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I am now in Beirut and it was, frankly speaking a very good trip. I flew Emirates and even though I was in economy class, Emirates is so good that it feels like business. I slept all the way because I was so tired and got my connecting flight in Dubai, which is arguably one of my best airports in the world. Yes according to me, there are three top airports in the world: Number one is definitely Singapore then number two is Dubai and number three is Paris. Anyway I digress – one day I will tell you about that, so let me go back to my story.

I arrived in Dubai in the early hours of the morning and after having breakfast and buying my favourite mascara, I proceeded to catch my connecting flight to Beirut. Smooth! When we landed in Beirut it was very clear that Lebanon and the United Arab Emirates are very different. I did not check in any luggage because my suitcase was just too small. Yes I do travel light. So I went straight to immigration – the queues were much slower than in Dubai and a few a few people jumping the queue. Here I did not see police but soldiers – I call them soldiers because of their uniform. Yes and they looked good – they are Arab men after-all So I could not wait for the immigration officer checking my passport to finish because looking at his eyes and eyebrows felt a little sinful! He asked me two questions: “Are you South African?” and “So what do you have here?” The first question was easy to answer but the second one was a bit confusing. I wondered what he was expecting me to say, so I stammered a bit and then responded, “I am invited to speak at a conference here”. He looked at me and I looked away because I thought he might have access to parts of eyes to which no man is allowed except Mr P  He allowed me through.

My host Tamir was waiting at the exit door with my name on a piece of paper. But of course there are always many people at airports with those kinds of papers, so I looked around and when I spotted my name I winked and did a thumbs-up. Of course at that time I did not know that that was Tamir even though I have been interacting with him on email. Somehow I thought Tamir would be a woman and in many ways that informed my freedom in communicating with him all these months. So I thought the man is just a driver who Tamir sent. When I got to him he introduced himself and I was surprised but I did not tell him. I was just happy that he spotted me so quickly and he did not make any comment at all about how unexpectedly small I am. (That is the comment I usually get from people who invite me to speak and they have never met me). He just said to me that I look exactly like I do on my website. He said this after commenting that often people put old beautiful but old pictures on their websites, which makes it difficult to spot them in person.

We went to Tamir’s car and as we were driving out of the airport he told me that today (25 March) is a holiday in Lebanon. It is Annunciation Day, which commemorates the visit of the angel Gabriel to the Virgin Mary, during which he informed her that she would be the mother of Jesus Christ. Yes, it is a Christian holiday – it happens ten days before Easter. So you can imagine the questions I asked: “A Christian holiday on the official calendar of Lebanon in the Middle East?” “Really?” “How did that happen?” I mean we don’t even commemorate Annunciation day in South Africa – I thought to myself. These questions led to a very interesting lesson on how politics and religion interact in Lebanon today. I also learned that of all the Arab countries, Lebanon probably has the highest number of Christians and in fact as a rule the President of Lebanon has to be Christian. Of course as much as there isn’t a homogenous group of Muslims here, there are many Christian groups and the quota system in the politics of Lebanon is very specific. So the President has to be an Armenian Christian and not any other. Please don’t ask me why because this is all historical and in my analysis it is the price the people of Lebanon have to pay for the peace they have now.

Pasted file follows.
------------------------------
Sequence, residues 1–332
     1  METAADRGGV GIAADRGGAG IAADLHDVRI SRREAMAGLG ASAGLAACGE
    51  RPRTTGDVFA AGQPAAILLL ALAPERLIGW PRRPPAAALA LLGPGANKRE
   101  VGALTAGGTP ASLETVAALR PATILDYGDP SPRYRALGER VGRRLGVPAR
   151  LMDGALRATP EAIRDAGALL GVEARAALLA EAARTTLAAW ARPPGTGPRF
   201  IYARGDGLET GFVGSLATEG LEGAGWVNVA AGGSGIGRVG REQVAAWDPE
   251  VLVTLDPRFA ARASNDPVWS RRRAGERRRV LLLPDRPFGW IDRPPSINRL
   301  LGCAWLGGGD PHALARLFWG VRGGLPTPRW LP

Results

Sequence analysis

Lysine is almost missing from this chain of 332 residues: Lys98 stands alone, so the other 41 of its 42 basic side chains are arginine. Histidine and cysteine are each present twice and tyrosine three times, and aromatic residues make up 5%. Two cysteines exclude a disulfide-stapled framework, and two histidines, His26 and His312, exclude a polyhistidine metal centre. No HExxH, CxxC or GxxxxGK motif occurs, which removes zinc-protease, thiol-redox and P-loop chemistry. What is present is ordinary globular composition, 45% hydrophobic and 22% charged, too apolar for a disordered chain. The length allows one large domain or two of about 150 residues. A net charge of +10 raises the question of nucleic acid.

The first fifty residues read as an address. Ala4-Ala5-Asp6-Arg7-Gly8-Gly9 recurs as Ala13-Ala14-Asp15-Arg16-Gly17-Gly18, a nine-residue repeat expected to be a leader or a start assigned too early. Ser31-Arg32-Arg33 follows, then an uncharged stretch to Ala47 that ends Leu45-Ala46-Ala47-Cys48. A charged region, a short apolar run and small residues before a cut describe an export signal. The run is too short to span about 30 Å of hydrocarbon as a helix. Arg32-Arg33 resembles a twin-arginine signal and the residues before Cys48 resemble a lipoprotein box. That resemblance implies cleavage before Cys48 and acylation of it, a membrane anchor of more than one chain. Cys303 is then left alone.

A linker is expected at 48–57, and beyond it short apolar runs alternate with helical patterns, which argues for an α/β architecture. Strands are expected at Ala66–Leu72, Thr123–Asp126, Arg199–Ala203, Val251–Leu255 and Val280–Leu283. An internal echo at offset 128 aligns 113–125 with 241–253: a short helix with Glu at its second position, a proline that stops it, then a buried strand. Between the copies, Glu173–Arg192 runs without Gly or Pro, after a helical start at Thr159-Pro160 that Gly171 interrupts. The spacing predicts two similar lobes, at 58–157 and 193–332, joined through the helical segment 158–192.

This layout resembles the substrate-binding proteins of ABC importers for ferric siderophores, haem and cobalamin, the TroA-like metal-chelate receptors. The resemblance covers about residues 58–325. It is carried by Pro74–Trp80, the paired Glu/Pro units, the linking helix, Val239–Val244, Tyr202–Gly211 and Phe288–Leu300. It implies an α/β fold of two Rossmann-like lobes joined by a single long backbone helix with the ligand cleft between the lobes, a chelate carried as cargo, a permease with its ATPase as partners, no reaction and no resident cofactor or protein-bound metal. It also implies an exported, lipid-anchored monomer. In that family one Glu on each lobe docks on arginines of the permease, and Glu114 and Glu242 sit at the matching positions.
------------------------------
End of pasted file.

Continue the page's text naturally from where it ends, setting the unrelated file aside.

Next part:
All I can recall are the stories from my Bible, which explain why there is a large community of Christians here. Remember that Jesus used to visit the southern territories of Lebanon, where he performed many miraculous healings. In fact Jesus’ first miracle was at a wedding in Cana of Galilee (in Lebanon) where he turned water into wine. Of course you all know that story Truth is that there are so many good stories to tell about Lebanon, many of them in the Bible, but somehow all that many ordinary people in South Africa, many of whom are Christian, can remember about this country is the Civil war, which ended in 1990. To an extent that many people were very worried that I am visiting Beirut. I was told to take care bla bla. Truth is that I need to take care here as I should do downtown London, Auckland or New York ;-). This is the world and the problems are very similar even though they are constructed differently, hence the different narratives. How Lucky am I? Very! #Blessed #Grateful #RevengeOfABoringChick

One Response to “FabAcademic in Beirut, Lebanon – Day 1”

  1. lesegoravhudzulo

    I come here when I want to feel empowered … #Motivationcorner

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